China’s Peace and Security Strategies in Africa: Building Capacity is Building Peace?

by Lina Benabdallah

Abstract

There is a growing body of scholarship that examines China’s security engagement in Africa. However, such scholarship largely views security cooperation in terms of military aid and military equipment and considers security from a traditional perspective. This article proposes to expand the scope of security to include non-traditional aspects of cooperation such as capacity building programs and investments in human resource development. Going beyond the view that security should be understood in terms of military hardware and naval bases, I propose a security-development nexus as a framework to understand China’s security practices in Africa. This nexus highlights the integration of security and development and views peace and conflict resolution to be the result of successful economic development. The core argument is that central to Beijing’s security strategy in Africa are not only arms sales, deployment of combat troops, or establishment of military bases, but that equally vital are investments in human resource development through capacity building programs. The article closes with a critical analysis of the development-security nexus by highlighting its major shortcomings and unintended consequences. As China’s experience in the South-Sudan indicates, over-relying on economic development as a broker for peace has its own challenges and limitations.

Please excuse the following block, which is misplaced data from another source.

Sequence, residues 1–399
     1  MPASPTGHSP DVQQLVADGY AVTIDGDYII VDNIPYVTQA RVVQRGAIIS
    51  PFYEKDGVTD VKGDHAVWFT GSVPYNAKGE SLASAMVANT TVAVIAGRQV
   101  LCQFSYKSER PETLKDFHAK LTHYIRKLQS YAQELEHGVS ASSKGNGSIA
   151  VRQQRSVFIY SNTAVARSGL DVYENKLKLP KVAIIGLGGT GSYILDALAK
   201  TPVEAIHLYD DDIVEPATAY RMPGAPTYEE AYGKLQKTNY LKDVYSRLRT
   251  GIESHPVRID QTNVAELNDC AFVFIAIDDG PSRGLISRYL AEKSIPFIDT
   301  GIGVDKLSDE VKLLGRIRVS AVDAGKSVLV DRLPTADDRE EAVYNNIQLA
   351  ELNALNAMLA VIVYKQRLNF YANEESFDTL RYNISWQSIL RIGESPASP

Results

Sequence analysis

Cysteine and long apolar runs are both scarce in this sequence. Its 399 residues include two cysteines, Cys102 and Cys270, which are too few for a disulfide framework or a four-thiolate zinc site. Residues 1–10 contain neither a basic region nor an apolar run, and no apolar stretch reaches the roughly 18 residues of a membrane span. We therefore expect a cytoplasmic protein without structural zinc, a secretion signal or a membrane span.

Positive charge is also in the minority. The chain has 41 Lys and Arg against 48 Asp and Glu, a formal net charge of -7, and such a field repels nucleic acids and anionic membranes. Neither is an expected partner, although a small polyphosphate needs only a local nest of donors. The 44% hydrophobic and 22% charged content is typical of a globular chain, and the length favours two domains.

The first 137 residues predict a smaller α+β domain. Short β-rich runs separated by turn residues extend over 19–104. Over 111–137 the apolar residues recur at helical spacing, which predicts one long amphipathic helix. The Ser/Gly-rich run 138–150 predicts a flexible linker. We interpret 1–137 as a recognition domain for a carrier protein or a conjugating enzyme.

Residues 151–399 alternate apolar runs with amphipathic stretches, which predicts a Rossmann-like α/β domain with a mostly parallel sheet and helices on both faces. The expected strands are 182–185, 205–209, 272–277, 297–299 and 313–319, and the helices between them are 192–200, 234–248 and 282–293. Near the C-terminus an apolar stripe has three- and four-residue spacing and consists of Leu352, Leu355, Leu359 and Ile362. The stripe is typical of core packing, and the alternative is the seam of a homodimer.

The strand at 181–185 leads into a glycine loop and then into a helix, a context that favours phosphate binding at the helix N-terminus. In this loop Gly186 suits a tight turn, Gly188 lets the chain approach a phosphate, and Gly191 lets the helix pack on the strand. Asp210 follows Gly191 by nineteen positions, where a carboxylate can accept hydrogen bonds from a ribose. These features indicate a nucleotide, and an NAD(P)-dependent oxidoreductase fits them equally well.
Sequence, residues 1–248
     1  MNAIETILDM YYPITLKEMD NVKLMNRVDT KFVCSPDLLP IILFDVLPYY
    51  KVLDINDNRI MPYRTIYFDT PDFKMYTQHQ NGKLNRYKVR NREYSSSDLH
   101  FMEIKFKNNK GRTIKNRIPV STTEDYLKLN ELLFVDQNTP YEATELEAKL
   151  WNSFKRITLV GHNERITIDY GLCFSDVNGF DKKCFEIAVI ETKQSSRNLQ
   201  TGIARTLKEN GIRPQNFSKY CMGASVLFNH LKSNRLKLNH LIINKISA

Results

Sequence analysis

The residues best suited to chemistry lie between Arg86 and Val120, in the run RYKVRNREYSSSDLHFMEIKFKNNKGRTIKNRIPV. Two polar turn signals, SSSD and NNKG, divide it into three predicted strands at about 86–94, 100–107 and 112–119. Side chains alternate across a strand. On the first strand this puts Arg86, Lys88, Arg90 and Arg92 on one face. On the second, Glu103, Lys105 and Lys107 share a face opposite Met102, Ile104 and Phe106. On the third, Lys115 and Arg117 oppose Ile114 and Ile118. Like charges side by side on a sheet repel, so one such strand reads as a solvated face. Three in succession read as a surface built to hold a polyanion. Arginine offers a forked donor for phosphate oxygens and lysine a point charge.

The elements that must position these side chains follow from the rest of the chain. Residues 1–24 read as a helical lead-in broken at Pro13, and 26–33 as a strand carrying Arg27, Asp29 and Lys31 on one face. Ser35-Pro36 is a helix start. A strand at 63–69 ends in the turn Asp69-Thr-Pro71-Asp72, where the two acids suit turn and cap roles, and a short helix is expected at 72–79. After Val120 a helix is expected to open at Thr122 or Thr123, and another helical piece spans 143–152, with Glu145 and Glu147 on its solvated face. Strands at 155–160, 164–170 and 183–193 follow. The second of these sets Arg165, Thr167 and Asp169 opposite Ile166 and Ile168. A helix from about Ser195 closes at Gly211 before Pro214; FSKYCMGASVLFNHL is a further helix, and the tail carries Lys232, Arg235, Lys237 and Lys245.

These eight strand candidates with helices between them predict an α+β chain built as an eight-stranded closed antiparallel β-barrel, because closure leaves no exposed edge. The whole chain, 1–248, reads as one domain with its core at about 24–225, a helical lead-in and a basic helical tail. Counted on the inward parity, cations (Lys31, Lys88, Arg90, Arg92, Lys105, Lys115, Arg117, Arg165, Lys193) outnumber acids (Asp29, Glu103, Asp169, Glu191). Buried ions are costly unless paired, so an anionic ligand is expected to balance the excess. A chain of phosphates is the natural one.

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Lina Benabdallah recently completed her doctoral degree in International Relations at the University of Florida. Her scholarly interests include foreign policy of rising powers and post-Western IR. Her dissertation examines Beijing’s investments in human resource development and capacity building programs in Africa.

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